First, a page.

An Analysis of the Thomas Kinkade Calendar for February

This month’s painting is all about journeys.

Columbus setting out for the new world. Greek soldiers descending on Troy to recapture the beautiful Helen. The ancient Israelites entering the Promised Land. These were legendary journeys of discovery, vengeance, and deliverance, and they all took place on water. And what was the vehicle that allowed them? Boats, mostly. And Moses. But it is boats, both physically and metaphorically, that allow you to venture out into lands unknown to experience a new adventure, or perhaps just a fresh start in life.

But, let’s face it: why take a sailing vessel somewhere when there are charming little footbridges to walk across? And so in this painting, “The Bridge of Hope,” that is what we see. Clearly, this painting is symbolic. The viewer is placed in the foreground, in a lush and idyllic forest hideaway with manicured masonry, but we can recognize the territory on the other side of the bridge, which is yet another lush and idyllic forest hideaway with manicured masonry. So, wait: what is this journey about? Where is the hope? Which side is it on? And where is the Bridge of Hope souvenir shop? The answer to all these questions is quickly realized when we pan out to look at the entire page. And that answer is: branding.

Do you notice what was in the right-hand corner where we started our journey? It was Kinkade’s signature. Or, it’s not really a signature, exactly, but a market-conscious and carefully typeset monogram that’s signature-reminiscent. And what is in the upper left hand corner, where our journey concludes? Yes, it’s Kinkade’s name, but now also there is a new title—“Painter of Light”—and a slick logo to go with it. This is Kinkade’s own journey: the transformation from a man into a brand, from a lone warrior poet into the commander of the Kinkadian army. And what the picture tells us is that this was a journey that smelled like forsythia, and where he didn’t have to get his Skechers Shape-ups wet. Lest you doubt it, look at the giant subliminal TM hidden in the bridge. May the road rise to give you marketing tips, young traveler.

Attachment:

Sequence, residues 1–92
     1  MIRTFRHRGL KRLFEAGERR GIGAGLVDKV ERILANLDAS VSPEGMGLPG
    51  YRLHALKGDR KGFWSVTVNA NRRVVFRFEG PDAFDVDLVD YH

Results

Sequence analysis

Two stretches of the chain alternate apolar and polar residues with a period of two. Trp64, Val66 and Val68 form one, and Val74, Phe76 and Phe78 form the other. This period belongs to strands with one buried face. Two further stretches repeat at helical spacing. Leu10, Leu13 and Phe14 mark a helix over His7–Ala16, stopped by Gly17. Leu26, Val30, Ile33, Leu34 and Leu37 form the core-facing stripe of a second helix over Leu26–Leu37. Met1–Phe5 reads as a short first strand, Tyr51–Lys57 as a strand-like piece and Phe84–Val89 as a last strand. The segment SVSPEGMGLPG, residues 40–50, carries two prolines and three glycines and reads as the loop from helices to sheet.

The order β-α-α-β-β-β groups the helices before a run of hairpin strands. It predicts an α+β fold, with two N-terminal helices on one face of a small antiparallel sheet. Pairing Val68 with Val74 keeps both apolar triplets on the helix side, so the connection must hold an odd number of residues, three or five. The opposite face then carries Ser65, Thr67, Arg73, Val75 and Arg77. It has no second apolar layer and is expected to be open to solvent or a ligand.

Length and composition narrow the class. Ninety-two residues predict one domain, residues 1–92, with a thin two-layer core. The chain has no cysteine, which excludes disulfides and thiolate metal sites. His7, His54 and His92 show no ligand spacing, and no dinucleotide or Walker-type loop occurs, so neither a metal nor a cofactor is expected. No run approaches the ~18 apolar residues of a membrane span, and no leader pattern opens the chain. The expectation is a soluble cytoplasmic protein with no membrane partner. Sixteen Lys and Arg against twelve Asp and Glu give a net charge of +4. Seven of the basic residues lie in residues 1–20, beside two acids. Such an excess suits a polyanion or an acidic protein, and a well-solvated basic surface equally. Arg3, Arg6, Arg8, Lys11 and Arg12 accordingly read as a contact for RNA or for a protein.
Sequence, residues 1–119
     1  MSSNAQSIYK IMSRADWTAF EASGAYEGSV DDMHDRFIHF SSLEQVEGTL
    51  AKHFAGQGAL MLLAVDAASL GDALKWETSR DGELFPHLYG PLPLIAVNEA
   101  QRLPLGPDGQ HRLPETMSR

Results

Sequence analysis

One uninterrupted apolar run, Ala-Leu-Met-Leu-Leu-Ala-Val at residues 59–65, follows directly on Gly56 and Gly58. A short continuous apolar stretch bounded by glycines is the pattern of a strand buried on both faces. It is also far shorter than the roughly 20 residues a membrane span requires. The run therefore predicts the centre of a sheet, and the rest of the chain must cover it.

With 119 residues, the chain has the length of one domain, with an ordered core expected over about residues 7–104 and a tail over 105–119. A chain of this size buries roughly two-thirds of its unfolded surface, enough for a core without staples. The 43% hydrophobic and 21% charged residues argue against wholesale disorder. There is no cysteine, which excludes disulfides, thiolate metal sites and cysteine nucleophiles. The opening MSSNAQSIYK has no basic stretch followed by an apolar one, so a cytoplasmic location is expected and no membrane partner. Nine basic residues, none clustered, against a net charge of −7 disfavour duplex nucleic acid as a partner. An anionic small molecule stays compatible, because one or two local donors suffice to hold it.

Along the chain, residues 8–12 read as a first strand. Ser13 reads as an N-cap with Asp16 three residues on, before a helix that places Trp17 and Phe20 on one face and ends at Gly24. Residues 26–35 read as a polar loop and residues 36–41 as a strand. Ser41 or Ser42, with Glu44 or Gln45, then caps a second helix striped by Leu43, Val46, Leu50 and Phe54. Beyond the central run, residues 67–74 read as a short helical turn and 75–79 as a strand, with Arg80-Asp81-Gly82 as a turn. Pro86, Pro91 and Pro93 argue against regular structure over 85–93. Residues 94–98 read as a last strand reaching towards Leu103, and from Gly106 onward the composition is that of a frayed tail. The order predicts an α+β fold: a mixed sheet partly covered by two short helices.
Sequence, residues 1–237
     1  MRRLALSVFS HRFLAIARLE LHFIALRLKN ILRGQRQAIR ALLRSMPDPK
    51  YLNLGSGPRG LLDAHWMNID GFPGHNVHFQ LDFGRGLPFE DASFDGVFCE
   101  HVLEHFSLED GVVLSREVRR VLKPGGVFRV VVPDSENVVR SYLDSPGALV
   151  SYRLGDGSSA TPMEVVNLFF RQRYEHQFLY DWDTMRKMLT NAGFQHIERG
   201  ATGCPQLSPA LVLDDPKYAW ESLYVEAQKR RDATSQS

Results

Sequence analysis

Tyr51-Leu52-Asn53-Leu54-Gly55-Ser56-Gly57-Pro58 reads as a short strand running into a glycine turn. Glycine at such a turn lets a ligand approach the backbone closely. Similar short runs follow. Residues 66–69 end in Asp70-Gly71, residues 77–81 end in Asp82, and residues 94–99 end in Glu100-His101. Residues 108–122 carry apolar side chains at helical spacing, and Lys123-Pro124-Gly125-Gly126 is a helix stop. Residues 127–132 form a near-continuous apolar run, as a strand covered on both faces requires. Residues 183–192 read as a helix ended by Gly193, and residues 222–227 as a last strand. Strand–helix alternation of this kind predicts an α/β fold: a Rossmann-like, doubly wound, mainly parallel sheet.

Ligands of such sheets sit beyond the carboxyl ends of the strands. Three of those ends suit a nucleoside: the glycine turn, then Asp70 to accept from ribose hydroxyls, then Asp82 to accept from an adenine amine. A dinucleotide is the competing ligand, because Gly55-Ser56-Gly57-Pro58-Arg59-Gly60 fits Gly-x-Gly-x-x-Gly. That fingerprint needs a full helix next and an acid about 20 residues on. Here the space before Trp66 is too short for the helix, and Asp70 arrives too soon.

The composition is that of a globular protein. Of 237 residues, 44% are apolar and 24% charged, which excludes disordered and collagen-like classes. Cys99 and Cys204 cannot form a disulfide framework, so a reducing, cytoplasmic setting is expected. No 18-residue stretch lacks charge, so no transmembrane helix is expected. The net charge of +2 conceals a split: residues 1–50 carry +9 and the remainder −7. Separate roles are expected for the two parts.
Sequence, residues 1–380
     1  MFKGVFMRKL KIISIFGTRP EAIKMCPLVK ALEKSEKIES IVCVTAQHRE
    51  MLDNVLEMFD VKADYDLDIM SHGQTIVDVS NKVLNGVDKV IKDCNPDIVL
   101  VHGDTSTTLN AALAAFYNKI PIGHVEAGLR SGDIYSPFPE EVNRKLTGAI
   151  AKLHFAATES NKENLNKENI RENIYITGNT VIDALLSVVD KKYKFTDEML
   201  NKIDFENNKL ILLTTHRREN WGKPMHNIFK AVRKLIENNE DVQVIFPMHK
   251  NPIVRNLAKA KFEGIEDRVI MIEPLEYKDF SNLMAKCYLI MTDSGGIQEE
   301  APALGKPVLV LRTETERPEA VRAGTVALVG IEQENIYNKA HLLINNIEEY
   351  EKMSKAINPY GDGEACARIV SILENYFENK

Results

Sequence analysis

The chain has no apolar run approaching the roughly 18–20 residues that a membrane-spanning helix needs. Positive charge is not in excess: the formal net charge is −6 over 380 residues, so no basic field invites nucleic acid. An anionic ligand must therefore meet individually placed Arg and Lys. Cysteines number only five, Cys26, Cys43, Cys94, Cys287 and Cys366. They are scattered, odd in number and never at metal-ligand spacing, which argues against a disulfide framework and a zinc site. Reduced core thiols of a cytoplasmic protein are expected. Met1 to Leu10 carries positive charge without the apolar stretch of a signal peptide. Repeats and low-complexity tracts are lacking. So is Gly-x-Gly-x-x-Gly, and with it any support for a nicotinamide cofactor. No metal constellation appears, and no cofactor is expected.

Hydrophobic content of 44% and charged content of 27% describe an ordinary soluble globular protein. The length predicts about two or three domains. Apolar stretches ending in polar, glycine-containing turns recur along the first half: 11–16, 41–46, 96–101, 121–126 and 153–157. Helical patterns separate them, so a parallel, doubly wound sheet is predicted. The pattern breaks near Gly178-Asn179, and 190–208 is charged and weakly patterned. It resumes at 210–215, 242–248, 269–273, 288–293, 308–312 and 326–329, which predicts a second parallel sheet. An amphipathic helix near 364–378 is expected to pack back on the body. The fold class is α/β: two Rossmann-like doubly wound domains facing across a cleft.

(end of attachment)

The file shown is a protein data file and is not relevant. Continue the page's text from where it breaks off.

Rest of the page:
This is also Kinkade at his most political. Who builds bridges? It is corporations, not people. And while the Kinkade corporation can churn out widgets of inspiration, only a robust public works department can build actual infrastructure. This is what the painter seems to be crying out for in this image. Which of our politicians has talked about building a bridge to the 22nd century? None of them. Is the infamous “Bridge to Nowhere” project completed yet? Of course not—otherwise it would be to Somewhere. Ask the residents of Terabithia. Their bridge turned out to be complete fiction.

So, are you listening, America? We need to produce future Painters of Light. We need the Painter of Affordable Vacation Homes, Painter of After It Rains And It’s All Shimmery Looking, Painter of Faces Where The Eyes Follow You, etc. But we can’t get there from here. It’s up to you, Washington.

Previously: January

Drew Dernavich is a cartoonist for the New Yorker magazine (not that cartoonist – the other one) and the co-creator of the cartoon improv show Fisticuffs! He is on Twitter.